Spring is here! The shift into longer days and more sun has begun, and you may have begun going through your closets, pulling out those short-sleeve shirts, shorts, and other lighter spring/summer gear. You may have also been inspired recently (especially this past week!) to get outside and enjoy the spring breezes, warm air, and sunshine. Remember that in these next few months, as the sun gets higher in the sky, you will have more of an opportunity to produce Vitamin D in your body, as the stronger UV rays in summer naturally trigger the body to produce more Vitamin D.
You may be wondering at this point if you need to stay on that Vitamin D supplement you so religiously took over the winter to help build your immunity and reduce colds/flu. This is a great question!
While you’d think that you can get enough sun in the summer months to make adequate amounts of Vitamin D, unfortunately that may not be the case.
A recent study of 90 healthy young women (ages 16-22 years old) living in sunny Southern California, found that over half of these women had a deficiency of Vitamin D. Almost one in four had a serious deficiency. Deficiency in this study was considered to be anything below 29 ng/ml and serious deficiency was measured at below 20ng/ml.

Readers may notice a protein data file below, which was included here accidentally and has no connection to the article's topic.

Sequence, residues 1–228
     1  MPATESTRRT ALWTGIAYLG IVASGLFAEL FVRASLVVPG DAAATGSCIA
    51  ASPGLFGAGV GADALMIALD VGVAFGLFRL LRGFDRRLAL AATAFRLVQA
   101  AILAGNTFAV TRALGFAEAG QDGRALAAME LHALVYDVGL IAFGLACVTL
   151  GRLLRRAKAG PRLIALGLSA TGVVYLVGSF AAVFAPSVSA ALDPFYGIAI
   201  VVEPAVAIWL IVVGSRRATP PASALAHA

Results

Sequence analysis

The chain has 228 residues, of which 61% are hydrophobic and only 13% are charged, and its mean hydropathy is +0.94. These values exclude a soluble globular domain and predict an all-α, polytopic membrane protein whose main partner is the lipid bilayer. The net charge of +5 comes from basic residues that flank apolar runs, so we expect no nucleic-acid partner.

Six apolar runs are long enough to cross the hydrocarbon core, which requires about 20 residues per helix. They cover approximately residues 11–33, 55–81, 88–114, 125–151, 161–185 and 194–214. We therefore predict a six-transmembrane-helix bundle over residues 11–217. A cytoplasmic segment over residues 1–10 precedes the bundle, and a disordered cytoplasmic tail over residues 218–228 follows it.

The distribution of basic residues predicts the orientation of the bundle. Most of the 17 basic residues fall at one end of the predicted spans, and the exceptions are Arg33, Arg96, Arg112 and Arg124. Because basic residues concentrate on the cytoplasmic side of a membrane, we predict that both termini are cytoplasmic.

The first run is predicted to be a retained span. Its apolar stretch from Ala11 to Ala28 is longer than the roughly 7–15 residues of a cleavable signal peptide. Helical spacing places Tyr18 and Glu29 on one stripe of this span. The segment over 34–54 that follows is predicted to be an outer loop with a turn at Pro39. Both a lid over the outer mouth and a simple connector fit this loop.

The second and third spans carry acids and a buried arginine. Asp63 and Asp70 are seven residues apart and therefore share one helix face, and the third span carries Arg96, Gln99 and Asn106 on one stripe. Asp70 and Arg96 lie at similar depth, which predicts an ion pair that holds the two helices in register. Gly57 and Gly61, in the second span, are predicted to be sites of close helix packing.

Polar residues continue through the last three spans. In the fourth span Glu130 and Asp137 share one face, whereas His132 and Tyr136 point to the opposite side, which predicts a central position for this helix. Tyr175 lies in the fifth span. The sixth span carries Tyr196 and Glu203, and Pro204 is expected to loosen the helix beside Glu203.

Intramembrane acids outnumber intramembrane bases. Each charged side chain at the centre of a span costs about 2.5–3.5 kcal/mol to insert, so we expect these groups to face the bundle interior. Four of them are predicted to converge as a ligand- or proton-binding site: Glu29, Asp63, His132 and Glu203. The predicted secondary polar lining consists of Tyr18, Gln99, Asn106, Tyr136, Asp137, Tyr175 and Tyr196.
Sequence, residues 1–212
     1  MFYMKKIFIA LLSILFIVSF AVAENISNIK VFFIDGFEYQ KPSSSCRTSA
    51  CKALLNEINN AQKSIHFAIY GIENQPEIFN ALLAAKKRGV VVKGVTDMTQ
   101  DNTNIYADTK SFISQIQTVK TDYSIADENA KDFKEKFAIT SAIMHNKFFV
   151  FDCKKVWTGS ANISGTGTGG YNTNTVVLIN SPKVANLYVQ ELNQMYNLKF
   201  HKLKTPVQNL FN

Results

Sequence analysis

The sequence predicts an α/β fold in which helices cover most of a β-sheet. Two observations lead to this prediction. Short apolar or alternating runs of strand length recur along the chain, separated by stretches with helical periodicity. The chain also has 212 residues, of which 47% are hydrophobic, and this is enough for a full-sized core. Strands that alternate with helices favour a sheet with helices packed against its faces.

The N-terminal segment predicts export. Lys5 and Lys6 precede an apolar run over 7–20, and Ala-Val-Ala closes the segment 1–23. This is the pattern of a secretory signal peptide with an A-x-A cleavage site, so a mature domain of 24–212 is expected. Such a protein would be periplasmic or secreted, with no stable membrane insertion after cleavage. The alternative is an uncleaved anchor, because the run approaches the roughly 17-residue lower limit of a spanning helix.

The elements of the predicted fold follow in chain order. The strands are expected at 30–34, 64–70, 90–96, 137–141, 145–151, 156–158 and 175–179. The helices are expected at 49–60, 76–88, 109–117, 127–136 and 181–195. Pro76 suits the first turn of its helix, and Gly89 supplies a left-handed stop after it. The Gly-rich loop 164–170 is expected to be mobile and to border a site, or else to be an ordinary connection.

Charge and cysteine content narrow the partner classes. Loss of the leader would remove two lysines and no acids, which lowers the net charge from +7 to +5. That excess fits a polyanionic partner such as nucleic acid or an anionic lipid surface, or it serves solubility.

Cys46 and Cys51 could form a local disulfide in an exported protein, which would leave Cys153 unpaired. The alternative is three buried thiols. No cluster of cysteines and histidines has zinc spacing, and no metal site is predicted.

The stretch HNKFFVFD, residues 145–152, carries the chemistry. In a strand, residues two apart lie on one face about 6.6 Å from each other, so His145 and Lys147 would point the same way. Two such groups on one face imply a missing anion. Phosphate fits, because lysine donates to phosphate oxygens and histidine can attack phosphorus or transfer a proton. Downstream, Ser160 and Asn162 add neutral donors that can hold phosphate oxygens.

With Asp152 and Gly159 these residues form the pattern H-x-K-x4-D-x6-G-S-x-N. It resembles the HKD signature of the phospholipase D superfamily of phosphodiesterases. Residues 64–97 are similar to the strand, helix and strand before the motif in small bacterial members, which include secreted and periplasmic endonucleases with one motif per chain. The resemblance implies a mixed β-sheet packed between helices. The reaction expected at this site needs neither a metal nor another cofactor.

Interestingly enough, recent research from the holistic medical community seems to indicate that a threshold of 29ng/ml is too low to indicate deficiency, and that blood levels should be at least above 50 ng/ml to ensure great health. Who knows how many of these young women would have been considered deficient if using these parameters.
Since Vitamin D deficiency is linked to cancer, osteoporosis, diabetes, cardiovascular disease, autoimmune disorders, and weight, and since young women who live in a sunny climate year-round are deficient in this important nutrient, I’d say for those of us living in a temperate climate with four seasons, it’s better to be safe than sorry. I’ll be staying on my Vitamin D supplement throughout the summer months this year. Though I do plan to get my levels tested soon, which I’d recommend everyone do.